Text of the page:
(Zaman Al Wasl)- After a year in detention in the notorious Saydnaya prison, Mahmoud (pseudonym) was presented on the regime’s counter-terrorism court in the capital, handcuffed and clearly tortured.
At the time, he was charged with terrorism, with no chance of defending himself or of having a lawyer.
After a mock trial that lasted only three minutes, he was transferred in July 2012 to Homs Central Prison, and was placed in the security wing with the “Islamists”.
The case of Mahmoud is similar to thousands of detainees who have been brought before the notorious Court, where there is no place to justice, that it is “not the basis of ruling.”
A report issued by the Violations Documentation Center in Syria, under the title of “Counter-Terrorism Court in Syria,” has proclaimed that this court is “a tool for war crimes”.
The report pointed out that the transfer of Syrian citizens to the court of terrorism is not subject to clear criteria, especially that the charges against them do not exceed the possession of slogans related to the revolution or even their phones containing songs against the regime.
According to a report by the London-based The New Arab, pan-Arab media outlet, the number of cases referred to the court, since its establishment in June 2012, is around 38,000, including 400 women, and hundreds of children arrested on the basis of revolutionary activities.
Judge Muhammad Nour Eddin al-Hamidi, the Secretary-General of the Syrian Justice Assembly , says the establishment of this court was due to the revolutionary movement, and it was created to fight human rights activists and political opposition of the regime by describing them as terrorists and “belonging to extremist terrorist groups.”
Al-Hamidi said the court’s encroachment on the so-called terrorism became clear through the detainees’ suffering in the court throughout the repressive trial procedures that lack the minimum of basic rights set by international standards.
The Article 6 which stands behind the establishing of Terrorism Court is stipulated that the decision issued in absentia cannot be appealed, and is not considered null unless the convicted person surrenders himself voluntarily. If they are arrested, the absentee ruling will not be annulled, but will become final; contrary to the provisions of article 333 of the Code of Criminal Procedure, which states that, “If the accused surrendered himself to the government or was arrested before the sentence is dropped, the judgment and all other ongoing transactions, from the issuance of the arrest warrant, shall be considered canceled and a re-trial shall be conducted according to normal directives.”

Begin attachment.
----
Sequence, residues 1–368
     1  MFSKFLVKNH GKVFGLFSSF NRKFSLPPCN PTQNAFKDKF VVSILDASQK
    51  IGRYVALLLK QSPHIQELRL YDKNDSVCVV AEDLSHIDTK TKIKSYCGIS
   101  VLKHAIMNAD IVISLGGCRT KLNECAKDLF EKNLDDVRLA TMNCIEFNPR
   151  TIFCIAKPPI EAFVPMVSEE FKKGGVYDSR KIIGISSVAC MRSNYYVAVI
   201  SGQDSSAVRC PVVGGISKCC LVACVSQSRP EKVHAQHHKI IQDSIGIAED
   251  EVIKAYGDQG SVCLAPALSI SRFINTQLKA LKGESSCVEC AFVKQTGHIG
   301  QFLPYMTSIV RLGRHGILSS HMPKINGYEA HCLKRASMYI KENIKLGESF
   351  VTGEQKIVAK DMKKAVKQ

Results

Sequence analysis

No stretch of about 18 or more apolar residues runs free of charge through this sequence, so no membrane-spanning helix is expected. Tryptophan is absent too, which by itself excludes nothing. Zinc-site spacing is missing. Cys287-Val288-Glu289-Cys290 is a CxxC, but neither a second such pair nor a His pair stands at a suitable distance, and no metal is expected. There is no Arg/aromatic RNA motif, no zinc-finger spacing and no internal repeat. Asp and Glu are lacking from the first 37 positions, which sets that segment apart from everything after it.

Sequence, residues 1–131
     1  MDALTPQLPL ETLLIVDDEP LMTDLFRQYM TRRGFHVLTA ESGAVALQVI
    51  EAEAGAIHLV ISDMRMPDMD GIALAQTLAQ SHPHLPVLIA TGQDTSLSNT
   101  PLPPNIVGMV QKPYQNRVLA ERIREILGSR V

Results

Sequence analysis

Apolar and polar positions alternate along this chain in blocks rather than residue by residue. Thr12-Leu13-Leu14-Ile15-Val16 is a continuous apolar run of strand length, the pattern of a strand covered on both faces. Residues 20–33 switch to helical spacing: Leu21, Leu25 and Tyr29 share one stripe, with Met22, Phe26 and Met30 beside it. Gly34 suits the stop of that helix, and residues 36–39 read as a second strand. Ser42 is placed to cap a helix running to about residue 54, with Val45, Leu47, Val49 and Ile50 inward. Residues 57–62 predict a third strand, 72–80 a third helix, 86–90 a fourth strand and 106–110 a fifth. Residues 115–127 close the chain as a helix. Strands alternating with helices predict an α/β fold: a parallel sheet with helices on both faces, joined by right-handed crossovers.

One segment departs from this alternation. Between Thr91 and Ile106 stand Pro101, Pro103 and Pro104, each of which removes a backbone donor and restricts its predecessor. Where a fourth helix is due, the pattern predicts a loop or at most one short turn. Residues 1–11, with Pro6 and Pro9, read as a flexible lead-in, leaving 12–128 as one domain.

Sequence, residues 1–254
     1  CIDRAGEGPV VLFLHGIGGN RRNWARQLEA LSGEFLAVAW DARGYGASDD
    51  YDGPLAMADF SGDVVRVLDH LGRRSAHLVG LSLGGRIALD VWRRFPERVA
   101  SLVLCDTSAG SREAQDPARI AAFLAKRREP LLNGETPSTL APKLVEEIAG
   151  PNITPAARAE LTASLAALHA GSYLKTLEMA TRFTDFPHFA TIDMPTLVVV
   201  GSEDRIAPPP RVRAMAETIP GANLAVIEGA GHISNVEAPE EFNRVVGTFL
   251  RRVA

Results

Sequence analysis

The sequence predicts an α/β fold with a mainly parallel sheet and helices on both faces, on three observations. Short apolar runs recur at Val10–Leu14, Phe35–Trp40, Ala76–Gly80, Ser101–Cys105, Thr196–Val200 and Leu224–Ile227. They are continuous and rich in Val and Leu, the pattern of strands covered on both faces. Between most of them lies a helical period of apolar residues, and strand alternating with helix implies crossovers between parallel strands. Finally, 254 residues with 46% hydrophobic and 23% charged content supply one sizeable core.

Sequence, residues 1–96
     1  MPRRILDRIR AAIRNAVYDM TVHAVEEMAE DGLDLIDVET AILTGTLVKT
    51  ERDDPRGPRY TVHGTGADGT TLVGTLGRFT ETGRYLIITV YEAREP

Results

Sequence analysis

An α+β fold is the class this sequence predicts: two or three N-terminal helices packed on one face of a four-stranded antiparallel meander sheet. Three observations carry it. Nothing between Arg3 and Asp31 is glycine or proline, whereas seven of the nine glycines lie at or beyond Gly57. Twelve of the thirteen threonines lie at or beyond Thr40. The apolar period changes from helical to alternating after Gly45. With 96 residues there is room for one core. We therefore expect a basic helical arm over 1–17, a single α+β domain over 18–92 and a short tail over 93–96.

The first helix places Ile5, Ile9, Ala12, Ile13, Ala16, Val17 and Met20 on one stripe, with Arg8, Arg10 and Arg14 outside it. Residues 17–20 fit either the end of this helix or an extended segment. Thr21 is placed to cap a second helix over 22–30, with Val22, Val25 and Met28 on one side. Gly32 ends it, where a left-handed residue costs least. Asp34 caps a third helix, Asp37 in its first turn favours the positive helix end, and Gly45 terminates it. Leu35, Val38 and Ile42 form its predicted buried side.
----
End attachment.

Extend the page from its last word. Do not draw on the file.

Al-Hamidi, who served as attorney general in Idlib province before he defected in 2011, revealed aspects of the disadvantages of the court, including a 100 defendants being brought daily to be tried within two hours. The court relied on the confessions made by the accused during the investigation along with security branches that lacked any legal controls and used all kinds of torture in order to extract confessions.
The source added, “The judge does not acknowledge that the accused's statements are being coerced and tortured from them or that the fingerprint was taken on a white paper.” He points out that, “The punishment of those who are tried for terrorism often ranges from three years to execution with heavy fines. The accused is prevented from speaking with his/her family or even an attorney, under constant beatings and humiliation”.
The source added that, “The majority of the judges’ decisions is arrest, often changing the description of the crime to the most severe and imposing on the families of the detainees very high bails; in addition to preventing the court lawyers from copying the case files or talking with their clients. It has nothing to do with the judiciary, it is more like a security branch and the appointment of any staff member is subject to security approval.”
The number of prosecutors in the counter-terrorism court is 15, appointed by decree. The Investigations Section consists of seven departments, each headed by 4 military judges, 3 civilians, with each department having a total of 3,000 cases. Al-Hamidi explained that an investigating judge of this court has the power of the referral judge, as well as powers to interrogate the detainee without the presence of a lawyer, the lawyer is only allowed a release once a month. Judges are exempted from observing the rules and procedures stipulated in the legislation in force in all proceedings of the trial.
Zaman Al Wasl